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Ballet
“In the ballet the whole meaning of the story can be expressed by the dance.… The dance should explain the spirit of the actors in the spectacle. More than that, it should express the whole epoch to which the subject of the ballet belongs.” (Mikhail Fokine)
In the 19th century, the art of dance developed into a combination of virtuosity and dramatic storytelling. The influence of Romanticism and the European fascination for the “Orient” were expressed in the choice of “Oriental” themes that included the Orientalist elements of the mystical, exotic and the irrational. The French ballet dancer Marius Petipa (1818‒1910), who was chief ballet master of the Imperial Theatre at St. Petersburg from 1869 to 1903, created a series of ballets in the Orientalist style that included The Daughter of the Pharaoh (Egypt), Le Roi Candaule and Le Corsaire (Turkey) and La Bayadère (India). The Russian choreographer Mikhail Fokine (1880‒1942) and his ballets for the Ballet Russes Cleopatre, Les Orientales and Scheherazade are further examples of “story ballets” in this vein. Needless to say, however, none of these works reflect any desire to relate ethnographic knowledge; rather they are the result of Western imagination and stereotyping.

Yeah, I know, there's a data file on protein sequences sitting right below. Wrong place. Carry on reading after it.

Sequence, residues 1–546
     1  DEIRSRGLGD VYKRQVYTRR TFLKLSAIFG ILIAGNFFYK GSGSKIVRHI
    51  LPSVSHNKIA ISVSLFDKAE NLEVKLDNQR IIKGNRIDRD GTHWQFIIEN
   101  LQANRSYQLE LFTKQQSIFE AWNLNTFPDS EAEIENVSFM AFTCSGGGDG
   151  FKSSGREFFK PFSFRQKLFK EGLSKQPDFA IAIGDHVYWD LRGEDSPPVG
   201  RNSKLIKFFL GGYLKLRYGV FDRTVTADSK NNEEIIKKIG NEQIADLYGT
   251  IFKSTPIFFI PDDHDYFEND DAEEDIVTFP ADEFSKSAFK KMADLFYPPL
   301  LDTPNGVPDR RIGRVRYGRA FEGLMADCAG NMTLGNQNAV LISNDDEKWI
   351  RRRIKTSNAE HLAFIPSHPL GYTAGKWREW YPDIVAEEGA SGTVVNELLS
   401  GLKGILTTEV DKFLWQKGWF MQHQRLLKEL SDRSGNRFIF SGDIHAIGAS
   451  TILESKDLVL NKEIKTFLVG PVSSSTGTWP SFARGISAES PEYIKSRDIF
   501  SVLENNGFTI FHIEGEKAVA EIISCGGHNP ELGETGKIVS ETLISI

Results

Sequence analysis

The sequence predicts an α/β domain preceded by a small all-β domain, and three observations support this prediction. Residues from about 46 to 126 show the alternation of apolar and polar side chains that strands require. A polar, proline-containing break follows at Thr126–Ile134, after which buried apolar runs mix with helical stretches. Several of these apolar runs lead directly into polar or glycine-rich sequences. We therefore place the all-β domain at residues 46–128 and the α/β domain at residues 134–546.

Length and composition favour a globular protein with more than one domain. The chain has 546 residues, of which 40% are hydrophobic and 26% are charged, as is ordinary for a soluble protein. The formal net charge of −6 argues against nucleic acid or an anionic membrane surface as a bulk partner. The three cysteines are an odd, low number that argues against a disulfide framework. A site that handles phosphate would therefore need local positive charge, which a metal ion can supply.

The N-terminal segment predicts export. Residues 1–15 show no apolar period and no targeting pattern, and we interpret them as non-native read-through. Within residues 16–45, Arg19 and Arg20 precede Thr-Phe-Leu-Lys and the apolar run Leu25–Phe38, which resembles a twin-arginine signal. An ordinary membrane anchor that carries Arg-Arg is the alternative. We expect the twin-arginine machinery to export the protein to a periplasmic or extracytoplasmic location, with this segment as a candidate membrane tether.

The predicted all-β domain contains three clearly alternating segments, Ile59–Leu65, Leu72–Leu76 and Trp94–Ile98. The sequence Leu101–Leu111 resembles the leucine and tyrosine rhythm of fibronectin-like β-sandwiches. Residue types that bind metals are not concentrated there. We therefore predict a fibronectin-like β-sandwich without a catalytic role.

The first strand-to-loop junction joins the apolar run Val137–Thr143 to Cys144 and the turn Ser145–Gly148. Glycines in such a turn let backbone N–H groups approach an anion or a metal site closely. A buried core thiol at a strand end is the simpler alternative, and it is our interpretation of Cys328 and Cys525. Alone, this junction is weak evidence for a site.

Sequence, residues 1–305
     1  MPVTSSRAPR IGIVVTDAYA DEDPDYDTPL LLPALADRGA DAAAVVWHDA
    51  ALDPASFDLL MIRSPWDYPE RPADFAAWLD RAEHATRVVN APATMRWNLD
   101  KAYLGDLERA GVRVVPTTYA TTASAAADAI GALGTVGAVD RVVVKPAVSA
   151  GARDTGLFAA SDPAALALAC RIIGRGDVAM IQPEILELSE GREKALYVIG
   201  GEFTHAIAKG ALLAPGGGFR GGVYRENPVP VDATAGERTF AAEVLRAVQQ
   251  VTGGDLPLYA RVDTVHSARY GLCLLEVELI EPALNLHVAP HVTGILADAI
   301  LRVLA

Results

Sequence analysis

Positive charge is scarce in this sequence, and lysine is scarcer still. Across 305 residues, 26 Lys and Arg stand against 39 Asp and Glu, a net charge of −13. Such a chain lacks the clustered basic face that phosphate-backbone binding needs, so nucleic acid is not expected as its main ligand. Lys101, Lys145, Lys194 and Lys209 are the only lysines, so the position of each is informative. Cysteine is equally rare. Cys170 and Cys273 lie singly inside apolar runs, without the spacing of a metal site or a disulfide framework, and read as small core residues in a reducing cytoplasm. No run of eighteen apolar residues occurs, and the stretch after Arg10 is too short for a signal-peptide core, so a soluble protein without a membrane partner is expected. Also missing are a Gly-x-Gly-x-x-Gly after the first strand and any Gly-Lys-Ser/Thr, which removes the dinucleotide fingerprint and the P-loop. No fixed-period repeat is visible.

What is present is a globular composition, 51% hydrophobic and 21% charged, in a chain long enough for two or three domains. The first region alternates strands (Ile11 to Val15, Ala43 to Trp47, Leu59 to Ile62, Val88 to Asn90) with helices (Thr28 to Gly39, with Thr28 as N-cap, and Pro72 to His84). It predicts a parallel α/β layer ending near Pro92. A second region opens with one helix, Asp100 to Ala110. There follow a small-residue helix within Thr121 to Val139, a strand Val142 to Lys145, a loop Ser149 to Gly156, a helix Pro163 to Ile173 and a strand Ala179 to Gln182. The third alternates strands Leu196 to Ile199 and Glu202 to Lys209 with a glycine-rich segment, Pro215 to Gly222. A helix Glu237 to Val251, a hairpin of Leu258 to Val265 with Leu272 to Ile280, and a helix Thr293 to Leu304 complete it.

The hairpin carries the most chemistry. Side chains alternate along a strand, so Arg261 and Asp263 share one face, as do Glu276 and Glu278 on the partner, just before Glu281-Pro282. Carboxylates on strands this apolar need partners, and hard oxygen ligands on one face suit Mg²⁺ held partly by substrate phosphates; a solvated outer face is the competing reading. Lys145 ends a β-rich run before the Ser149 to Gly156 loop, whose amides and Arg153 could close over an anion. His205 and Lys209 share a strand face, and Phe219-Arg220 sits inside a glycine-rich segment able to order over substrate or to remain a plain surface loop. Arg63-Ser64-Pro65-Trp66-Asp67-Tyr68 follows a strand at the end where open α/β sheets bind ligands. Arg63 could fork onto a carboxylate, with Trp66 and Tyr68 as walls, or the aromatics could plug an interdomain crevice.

Aladdin, or The Magnificent Lamp: sketch of the set for act 1 or act 2

1822

National Library of France , France

Pierre-Luc-Charles Cicéri

Replete with movements and images inspired by the “East”, “Story ballets” were particularly popular in the 19th and early 20th centuries.

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